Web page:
For decades, paper mills have long used a thick sticky byproduct of the wood-pulping process—”Brown Liqour”— as a combustible fuel to keep the mills in motion. Now a collaborative research project by scientists at Linköping University in Sweden and Poznan University of Technology in Poland has found a way to transform this “brown liqour” into a battery cathode which could cut out the need for expensive rare metals used in batteries such as cobalt. While we may not be huge fans of cutting down trees, the brown liquor tech could reduce the cost of batteries and has the potential to increase our ability to store and distribute solar and wind power.
Olle Inganas and Grzegorz Milczarek drew inspiration for the organic cathode from the process of photosynthesis. Noting that electrons charged by solar energy are transported by quinones in the process, they found that the lignins in the brown liquor contain organic compounds which can be converted into energy-transmitting quinones. The gooey fuel works in a battery application when “lignin derivatives from the brown liquor and combined them with a conductive polymer called “polypyrrole.” Together, the materials make for a cathode that’s both conductive and can hold a charge,” according to Discovery News.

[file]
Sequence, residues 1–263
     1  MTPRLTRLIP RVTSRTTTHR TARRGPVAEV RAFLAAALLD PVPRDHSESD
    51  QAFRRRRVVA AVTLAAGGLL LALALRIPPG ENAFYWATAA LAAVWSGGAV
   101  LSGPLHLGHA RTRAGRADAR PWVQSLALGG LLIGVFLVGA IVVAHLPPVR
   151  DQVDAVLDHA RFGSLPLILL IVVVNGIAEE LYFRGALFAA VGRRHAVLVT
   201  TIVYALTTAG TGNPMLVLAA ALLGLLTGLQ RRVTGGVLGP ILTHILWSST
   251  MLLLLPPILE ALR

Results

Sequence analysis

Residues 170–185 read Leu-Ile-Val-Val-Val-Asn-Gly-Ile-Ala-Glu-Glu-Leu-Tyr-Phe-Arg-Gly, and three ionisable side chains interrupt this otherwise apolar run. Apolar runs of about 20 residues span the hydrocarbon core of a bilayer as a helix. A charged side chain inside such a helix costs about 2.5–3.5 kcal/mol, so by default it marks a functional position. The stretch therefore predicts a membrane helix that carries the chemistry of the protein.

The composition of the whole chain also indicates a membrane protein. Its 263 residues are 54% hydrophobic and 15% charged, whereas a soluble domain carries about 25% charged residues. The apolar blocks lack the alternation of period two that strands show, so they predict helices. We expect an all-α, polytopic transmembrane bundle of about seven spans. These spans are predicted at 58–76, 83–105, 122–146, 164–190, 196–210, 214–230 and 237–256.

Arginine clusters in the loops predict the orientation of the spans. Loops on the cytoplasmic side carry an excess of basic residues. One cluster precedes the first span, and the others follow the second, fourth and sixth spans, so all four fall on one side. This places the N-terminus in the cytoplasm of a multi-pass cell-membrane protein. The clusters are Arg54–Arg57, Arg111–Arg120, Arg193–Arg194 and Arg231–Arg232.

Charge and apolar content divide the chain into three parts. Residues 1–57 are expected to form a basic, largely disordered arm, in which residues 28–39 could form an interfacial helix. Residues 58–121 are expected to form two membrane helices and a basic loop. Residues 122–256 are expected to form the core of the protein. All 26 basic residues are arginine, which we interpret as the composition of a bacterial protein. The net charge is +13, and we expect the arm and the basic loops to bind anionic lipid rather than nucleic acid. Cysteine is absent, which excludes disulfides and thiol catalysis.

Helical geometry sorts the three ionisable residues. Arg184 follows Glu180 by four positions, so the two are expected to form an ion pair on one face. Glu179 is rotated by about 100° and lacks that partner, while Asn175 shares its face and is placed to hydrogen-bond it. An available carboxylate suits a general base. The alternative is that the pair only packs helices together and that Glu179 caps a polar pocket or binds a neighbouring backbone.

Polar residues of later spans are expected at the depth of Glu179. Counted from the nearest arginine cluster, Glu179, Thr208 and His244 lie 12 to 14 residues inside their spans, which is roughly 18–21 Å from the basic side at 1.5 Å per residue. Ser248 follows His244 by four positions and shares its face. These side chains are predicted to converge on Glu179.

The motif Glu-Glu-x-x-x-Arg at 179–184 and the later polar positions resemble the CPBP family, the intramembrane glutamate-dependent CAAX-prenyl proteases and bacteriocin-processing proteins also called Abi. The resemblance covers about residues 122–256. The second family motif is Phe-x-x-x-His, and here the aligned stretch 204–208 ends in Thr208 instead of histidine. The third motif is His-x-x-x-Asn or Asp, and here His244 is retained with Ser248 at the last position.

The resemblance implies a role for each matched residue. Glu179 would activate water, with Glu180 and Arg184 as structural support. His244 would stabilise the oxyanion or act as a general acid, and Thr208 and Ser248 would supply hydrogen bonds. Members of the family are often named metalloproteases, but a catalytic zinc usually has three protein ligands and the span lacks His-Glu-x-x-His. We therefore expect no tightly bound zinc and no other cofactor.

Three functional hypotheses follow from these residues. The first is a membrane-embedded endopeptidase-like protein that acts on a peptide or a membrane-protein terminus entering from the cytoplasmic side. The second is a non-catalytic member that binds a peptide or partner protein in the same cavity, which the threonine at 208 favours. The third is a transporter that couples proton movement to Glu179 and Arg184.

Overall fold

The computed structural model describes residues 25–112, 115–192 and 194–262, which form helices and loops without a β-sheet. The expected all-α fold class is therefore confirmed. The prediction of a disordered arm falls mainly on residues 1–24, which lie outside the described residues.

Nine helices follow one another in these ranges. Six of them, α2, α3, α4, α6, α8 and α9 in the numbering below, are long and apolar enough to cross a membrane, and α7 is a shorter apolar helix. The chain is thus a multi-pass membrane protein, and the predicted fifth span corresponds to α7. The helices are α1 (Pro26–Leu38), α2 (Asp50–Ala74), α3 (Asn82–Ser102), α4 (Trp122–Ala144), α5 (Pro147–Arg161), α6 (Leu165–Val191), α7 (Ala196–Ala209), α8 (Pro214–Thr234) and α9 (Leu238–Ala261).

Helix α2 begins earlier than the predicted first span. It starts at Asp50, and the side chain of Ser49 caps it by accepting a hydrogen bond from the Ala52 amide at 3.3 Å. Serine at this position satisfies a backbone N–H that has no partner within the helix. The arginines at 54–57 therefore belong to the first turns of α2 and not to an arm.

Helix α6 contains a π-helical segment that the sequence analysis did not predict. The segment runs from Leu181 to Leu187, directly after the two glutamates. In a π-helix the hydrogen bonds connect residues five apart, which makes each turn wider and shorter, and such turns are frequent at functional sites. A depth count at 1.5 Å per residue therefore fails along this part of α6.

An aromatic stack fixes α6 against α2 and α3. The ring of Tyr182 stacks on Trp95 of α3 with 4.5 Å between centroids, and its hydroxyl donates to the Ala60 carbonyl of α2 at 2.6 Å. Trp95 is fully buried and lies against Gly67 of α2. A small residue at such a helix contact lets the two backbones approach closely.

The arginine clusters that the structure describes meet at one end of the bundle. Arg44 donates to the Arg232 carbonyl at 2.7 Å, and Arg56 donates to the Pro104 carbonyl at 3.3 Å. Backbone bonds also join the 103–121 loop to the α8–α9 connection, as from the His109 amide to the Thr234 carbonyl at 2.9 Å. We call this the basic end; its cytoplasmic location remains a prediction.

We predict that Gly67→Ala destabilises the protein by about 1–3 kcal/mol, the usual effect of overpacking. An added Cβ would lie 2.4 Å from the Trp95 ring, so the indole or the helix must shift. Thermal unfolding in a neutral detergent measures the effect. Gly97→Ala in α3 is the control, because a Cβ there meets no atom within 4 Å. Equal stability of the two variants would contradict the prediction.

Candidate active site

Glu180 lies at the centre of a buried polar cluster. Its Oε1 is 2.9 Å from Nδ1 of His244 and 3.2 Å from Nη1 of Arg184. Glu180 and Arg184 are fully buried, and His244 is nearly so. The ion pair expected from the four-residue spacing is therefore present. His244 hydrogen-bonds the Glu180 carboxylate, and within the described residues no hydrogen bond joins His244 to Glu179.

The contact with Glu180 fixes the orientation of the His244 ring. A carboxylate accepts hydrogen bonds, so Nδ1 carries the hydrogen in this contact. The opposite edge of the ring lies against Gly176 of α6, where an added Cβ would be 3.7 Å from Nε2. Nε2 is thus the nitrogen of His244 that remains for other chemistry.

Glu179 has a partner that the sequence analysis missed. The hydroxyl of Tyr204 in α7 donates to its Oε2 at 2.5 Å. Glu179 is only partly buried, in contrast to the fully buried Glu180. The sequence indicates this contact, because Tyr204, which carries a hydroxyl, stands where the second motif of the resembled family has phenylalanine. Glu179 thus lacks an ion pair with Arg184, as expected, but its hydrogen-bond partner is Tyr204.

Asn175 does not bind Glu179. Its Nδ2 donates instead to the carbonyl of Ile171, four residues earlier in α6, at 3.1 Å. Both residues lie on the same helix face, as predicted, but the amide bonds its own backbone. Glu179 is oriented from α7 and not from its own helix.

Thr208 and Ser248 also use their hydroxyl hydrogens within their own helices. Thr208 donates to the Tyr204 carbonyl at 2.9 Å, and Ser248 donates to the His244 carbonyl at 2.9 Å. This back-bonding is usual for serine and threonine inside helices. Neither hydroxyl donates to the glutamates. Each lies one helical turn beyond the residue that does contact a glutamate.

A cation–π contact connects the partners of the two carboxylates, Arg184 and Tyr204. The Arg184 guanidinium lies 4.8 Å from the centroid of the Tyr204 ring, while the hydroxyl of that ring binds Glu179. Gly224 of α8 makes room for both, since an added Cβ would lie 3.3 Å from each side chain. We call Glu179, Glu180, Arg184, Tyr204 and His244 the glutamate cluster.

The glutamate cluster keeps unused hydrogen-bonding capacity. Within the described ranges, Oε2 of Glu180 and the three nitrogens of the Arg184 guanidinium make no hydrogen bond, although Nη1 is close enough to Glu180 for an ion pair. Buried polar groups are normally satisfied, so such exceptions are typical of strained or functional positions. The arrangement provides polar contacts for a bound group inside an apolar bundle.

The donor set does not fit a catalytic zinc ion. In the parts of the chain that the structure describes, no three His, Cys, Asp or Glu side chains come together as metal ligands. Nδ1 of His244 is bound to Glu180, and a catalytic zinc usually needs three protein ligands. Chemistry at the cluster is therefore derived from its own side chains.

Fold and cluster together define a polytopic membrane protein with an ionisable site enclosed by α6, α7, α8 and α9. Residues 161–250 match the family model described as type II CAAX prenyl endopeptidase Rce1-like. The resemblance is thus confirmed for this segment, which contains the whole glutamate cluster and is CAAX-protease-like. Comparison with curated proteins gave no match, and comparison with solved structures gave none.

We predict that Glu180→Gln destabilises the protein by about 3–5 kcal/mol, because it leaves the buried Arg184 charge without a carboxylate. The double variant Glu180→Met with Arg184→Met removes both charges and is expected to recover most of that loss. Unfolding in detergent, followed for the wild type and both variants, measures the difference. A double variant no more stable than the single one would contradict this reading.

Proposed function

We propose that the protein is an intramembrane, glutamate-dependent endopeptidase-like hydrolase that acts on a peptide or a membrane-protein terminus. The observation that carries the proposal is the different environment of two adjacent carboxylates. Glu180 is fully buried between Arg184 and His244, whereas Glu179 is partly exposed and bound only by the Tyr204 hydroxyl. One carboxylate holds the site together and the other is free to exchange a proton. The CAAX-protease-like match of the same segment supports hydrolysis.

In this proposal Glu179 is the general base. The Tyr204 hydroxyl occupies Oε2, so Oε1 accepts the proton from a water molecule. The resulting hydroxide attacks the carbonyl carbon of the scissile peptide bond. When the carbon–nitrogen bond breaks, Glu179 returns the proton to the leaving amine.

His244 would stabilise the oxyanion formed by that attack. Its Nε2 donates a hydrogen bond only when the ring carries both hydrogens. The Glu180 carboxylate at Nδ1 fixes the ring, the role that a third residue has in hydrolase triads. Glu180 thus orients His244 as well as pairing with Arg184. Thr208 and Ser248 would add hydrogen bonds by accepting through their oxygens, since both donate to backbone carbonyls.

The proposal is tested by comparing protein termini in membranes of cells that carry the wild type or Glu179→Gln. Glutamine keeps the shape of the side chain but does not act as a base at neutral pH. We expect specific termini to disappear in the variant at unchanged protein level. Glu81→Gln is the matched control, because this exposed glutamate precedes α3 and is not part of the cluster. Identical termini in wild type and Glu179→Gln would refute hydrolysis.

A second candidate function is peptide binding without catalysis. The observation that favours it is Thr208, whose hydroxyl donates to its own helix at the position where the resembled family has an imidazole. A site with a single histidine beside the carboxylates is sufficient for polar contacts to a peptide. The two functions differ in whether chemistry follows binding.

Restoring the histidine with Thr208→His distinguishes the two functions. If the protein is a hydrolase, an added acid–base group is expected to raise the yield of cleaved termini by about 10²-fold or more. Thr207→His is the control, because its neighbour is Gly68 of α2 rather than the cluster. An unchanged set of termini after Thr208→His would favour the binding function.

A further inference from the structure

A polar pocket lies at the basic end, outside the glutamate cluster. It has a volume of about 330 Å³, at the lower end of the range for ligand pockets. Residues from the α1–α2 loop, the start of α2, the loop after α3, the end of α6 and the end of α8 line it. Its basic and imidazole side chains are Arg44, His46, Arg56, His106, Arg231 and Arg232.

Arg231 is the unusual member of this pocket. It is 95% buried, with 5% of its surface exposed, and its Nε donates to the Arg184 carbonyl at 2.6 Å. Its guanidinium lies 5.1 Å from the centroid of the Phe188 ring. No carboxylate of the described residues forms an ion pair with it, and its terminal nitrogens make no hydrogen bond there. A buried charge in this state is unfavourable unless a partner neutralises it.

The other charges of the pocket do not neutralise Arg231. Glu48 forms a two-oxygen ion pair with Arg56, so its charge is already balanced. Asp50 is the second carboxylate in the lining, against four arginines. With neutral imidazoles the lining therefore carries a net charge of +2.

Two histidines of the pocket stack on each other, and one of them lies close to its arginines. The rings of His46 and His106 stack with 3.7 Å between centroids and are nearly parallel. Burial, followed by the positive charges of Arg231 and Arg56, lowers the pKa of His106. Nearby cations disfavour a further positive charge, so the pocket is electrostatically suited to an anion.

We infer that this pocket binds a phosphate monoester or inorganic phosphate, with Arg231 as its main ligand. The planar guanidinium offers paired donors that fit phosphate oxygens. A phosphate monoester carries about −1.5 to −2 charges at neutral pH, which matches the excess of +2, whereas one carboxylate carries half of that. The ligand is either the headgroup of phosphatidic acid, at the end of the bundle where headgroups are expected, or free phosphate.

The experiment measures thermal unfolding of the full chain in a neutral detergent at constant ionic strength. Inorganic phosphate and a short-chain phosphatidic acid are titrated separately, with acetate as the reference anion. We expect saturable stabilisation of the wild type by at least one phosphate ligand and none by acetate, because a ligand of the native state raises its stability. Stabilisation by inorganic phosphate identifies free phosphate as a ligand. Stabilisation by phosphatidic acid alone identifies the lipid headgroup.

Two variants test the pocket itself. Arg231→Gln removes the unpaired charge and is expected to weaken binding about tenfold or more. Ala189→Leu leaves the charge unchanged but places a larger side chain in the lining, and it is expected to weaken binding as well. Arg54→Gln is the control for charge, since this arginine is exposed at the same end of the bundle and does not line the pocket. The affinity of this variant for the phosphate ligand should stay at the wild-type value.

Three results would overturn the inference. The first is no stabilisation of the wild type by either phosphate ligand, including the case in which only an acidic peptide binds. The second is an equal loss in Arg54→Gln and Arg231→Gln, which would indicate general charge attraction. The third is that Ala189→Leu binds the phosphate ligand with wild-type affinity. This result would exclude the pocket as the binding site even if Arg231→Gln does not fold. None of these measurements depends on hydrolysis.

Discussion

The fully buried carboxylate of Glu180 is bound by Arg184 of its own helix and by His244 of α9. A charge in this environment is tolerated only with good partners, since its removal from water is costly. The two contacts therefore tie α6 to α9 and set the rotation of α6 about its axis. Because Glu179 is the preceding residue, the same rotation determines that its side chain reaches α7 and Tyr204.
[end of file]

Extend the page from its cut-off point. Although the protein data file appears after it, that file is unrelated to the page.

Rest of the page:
Olle Inganas, who previously spent many years researching solar cell technology, hopes that the lignin batteries could provide renewable energy storage as we begin to develop more efficient solar cells and wind turbines. The technology has not been perfected — at present the batteries with a lignin cathode will not hold a charge while idle. But if brown liqour battery cathodes can be perfected they could open the door to cheaper batteries made from a source less finite than the rare metals presently utilized.